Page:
Tuesday marked the 67th installment of the Mark Twain Marching Band Festival in Hannibal. For an event that's been around that long it's not surprising that it's become a multi-generational event for some families, including the Hume family of Palmyra.

Tuesday marked the 67th installment of the Mark Twain Marching Band Festival in Hannibal. For an event that’s been around that long it’s not surprising that it’s become a multi-generational event for some families, including the Hume family of Palmyra.

“I started marching in this when I was a seventh grader in middle school,” said John Hume, who is in his first year as band director at Palmyra High School. “It’s a great tradition and a lot of fun. It’s one of the highlights of marching season for me.”

Hume notes that Band Day has touched multiple generations of his family.

“It’s three generations actually,” he said. “My daughter (Emily) is going to march in her first Hannibal Band Day this year and my dad (John) marched in it when he was in high school back in the ‘50s.”

Another family experiencing multiple generations of Band Day is the Fountains. Pete and Jack Fountain, who were among the early birds picking out a prime spot from which to watch Tuesday’s parade down Broadway, were there to watch a granddchild in the Palmyra band, just as they had come in years past to support their own children.

“We have a granddaughter that’s in band and this is the first time we’ve been able to watch them all season,” said Pete Fountain. “We have been down here before when our kids were in band. Of course they’’re older now and now we have a grandkid.”

The Fountain’s granddaughter, who plays the saxophone, is one of 35 members in a PHS band that is going in a new direction this year.

“We’re getting back into the competitive side of marching band,” said Hume. “They’re doing a field show at Hannibal Band Day for the first time (Tuesday night) in as long as anybody can remember.”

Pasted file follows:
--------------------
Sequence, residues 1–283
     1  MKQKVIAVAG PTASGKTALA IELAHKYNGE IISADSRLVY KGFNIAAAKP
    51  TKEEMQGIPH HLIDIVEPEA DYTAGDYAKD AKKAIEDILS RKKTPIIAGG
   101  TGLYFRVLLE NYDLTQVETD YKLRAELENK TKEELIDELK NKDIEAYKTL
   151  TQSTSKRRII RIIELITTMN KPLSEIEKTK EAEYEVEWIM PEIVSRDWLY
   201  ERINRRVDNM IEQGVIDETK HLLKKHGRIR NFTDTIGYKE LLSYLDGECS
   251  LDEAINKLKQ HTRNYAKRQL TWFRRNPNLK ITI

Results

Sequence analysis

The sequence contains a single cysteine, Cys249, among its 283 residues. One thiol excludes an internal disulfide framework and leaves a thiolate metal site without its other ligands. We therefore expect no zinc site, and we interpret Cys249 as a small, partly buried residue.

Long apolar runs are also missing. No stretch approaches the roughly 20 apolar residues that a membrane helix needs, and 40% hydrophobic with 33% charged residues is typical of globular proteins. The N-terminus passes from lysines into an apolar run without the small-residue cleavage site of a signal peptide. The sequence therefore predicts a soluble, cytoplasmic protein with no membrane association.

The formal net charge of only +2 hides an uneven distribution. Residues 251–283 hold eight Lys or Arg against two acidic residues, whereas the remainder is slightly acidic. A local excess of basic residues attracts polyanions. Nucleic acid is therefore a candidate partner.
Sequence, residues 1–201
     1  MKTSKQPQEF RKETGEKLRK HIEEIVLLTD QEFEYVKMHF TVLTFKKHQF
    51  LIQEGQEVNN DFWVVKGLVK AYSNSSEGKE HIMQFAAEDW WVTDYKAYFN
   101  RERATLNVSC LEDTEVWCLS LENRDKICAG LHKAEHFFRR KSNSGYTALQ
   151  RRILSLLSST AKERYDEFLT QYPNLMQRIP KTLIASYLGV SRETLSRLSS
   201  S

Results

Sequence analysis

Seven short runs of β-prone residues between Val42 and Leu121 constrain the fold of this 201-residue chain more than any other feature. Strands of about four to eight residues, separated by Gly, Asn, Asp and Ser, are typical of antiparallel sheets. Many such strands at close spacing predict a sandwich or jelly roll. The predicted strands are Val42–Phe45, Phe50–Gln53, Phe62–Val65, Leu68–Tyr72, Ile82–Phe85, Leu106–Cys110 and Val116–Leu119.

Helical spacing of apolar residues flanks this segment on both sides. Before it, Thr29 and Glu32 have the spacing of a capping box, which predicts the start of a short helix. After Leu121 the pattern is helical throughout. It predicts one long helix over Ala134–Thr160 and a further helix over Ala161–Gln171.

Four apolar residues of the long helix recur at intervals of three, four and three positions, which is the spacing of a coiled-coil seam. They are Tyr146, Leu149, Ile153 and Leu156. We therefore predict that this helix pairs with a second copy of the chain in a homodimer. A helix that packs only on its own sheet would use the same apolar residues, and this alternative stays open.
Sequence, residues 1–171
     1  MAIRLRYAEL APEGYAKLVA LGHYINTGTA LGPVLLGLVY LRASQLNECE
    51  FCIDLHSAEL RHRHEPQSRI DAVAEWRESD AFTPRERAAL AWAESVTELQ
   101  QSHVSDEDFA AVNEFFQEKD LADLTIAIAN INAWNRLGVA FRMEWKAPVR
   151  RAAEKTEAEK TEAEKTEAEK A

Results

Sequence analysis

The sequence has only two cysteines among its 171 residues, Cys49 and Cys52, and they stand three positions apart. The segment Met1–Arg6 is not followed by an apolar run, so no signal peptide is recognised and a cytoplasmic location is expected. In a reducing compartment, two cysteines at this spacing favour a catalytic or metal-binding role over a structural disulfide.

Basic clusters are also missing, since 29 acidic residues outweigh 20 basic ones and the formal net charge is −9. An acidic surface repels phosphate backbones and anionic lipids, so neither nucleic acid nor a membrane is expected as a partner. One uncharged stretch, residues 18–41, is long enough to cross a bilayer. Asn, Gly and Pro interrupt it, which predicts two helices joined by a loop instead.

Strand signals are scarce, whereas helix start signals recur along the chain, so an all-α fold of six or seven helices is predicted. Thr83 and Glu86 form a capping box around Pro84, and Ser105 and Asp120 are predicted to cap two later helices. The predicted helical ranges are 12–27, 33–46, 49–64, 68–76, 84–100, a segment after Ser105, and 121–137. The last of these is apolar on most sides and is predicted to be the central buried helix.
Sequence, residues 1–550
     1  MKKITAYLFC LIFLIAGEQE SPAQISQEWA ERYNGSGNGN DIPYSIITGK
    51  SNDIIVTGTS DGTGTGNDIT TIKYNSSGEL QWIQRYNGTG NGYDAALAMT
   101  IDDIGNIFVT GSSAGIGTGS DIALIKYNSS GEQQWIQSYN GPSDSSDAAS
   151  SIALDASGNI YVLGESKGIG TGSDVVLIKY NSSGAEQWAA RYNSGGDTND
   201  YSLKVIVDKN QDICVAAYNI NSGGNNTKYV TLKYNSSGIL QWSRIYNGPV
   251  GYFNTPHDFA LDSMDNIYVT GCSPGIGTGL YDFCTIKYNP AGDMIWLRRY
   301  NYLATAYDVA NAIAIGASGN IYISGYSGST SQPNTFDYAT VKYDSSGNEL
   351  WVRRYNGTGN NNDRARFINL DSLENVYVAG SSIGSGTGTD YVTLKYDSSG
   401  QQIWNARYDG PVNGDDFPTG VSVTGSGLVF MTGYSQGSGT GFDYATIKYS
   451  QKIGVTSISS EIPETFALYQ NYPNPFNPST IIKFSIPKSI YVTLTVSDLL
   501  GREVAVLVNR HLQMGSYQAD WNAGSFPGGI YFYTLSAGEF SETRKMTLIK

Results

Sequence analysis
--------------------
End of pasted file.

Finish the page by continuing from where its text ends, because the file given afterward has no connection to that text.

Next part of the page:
A band of comparable size is the one from Mark Twain High School.

“I’ve got 33 kids in my band this year and a lot of them are seniors,” said Danny Lewis, who is in his third year at MTHS. “I think I’ve got 12 so this will be their fourth time at Band Day and they’re pretty excited. It’s probably their favorite festival that we do every year because they get to get out of school.”

Band Day provides the marching Tigers with the opportunity to do something different.

“We do one or two parades a year, so not too many,” said Lewis. “It (a parade) is a little out of the ordinary because mostly we do field shows.”

Marching in the parade and participating later in the field show portion of Band Day was the Pirate Pride Marching Band. Do the Pirates have a performing preference?

“Definitely the field show,” said senior Briar Douglas, one of the band’s three drum majors. “The parade is OK. We have a lot of fun doing the parade for our town, but the field show is definitely more fun because we can showcase our talents a little bit more.”

Anticipation regarding Band Day was high on Tuesday.

“I’d say everyone is excited about it. Maybe not as much as the competitions, but we’re excited to be hosting and having all the bands come to us,” said Douglas.

Debbie Higbee-Roberts, a director in the instrumental music program, agreed that all musicians, both from Hannibal and elsewhere, were fired up.

“This is our hometown event. They’re pretty pumped for Hannibal Band Day,” she said. “The other bands coming in love this event. They’re coming from all over the bi-state area. It’s a pretty big event.”

The 2015 music season has been enjoyable for Higbee-Roberts.

“We have 83, 84 kids in high school band. They’re doing a really good job, freshman through senior. They’re excited kids, energetic kids, good musicians. It’s been a lot of fun,” she said.

 

Reach reporter Danny Henley at danny.henley@courierpost.com